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December 2006

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Friday, December 1, 2006

Director Receives New England Wild Flower Society Conservation Award

David Foster, Director of Harvard Forest, received the 2006 New England Wild Flower Society Massachusetts State Conservation Award. NEWFS LogoHe was honored for guiding the development of Harvard Forest from a small academic outpost to a major research site and for changing the way biologists interpret landscape patterns and ecological processes. The award emphasized Dr.

Friday, December 1, 2006

"Green" Garage designed and built at Harvard Forest

Wood's Crew at the garage

The building was designed and built entirely by the Harvard Forest woods crew using Harvard Forest wood products wherever possible. It is also, at the initiative of the crew, a "green building." This includes the composting toilet, a dual fuel wood/oil burner, and reusing materials from previous renovations. They also took the lead in submitting a grant to the state for a solar power system to provide about 8% of the electrical needs for all the Prospect Hill research projects which will be installed in the spring.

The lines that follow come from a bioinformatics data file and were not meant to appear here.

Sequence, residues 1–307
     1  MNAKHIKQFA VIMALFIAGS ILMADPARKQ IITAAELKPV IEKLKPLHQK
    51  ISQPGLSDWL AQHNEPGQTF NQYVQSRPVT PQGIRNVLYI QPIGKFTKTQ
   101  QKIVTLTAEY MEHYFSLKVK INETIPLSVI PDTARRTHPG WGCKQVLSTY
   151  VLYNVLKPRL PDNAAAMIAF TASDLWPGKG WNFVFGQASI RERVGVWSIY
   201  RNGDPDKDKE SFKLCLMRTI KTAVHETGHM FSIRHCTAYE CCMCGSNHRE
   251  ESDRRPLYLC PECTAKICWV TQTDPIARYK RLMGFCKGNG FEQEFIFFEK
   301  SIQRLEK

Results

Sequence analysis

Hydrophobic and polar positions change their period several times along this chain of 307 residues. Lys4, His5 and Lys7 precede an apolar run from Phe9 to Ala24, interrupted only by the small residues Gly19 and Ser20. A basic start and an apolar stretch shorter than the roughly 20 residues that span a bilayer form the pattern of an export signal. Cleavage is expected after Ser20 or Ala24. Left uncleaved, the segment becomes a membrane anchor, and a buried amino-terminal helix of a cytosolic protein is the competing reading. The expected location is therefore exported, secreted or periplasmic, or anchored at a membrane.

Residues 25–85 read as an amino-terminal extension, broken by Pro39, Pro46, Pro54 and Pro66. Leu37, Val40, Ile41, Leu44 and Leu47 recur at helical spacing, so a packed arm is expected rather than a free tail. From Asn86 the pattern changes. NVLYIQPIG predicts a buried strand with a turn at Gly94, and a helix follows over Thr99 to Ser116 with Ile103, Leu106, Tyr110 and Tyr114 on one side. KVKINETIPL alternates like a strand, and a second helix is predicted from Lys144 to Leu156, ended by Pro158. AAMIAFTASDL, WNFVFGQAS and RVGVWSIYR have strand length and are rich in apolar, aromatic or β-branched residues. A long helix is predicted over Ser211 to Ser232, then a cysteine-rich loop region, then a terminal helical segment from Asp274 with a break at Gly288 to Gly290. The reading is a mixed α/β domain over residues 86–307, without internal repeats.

Friday, December 1, 2006

Report Outlines Funding to Conserve Half of Massachusetts’s Land

Harvard Forest's Wildlands and Woodlands proposal to conserve roughly half of Massachusetts as protected lands has received a boost from a new report detailing seven strategies to finance the ambitious proposal. The new report is the product of a recent Wildlands and Woodlands Conservation Finance Roundtable.

Friday, December 1, 2006

New Harvard Forest Publication: Ragweed and Historical Climate Change

The environmental drivers behind abundant ragweed pollen in sediments of four southern New England lakes 10,000-8000 years ago were investigated. They found strong evidence that high levels of ragweed pollen were associated with warmer, drier conditions. This conclusion is corroborated by independent lake level and climate reconstructions. Together, these results have implications for future ragweed distribution and abundance, and suggest that more ragweed pollen could accompany rising temperature and CO2 levels in New England.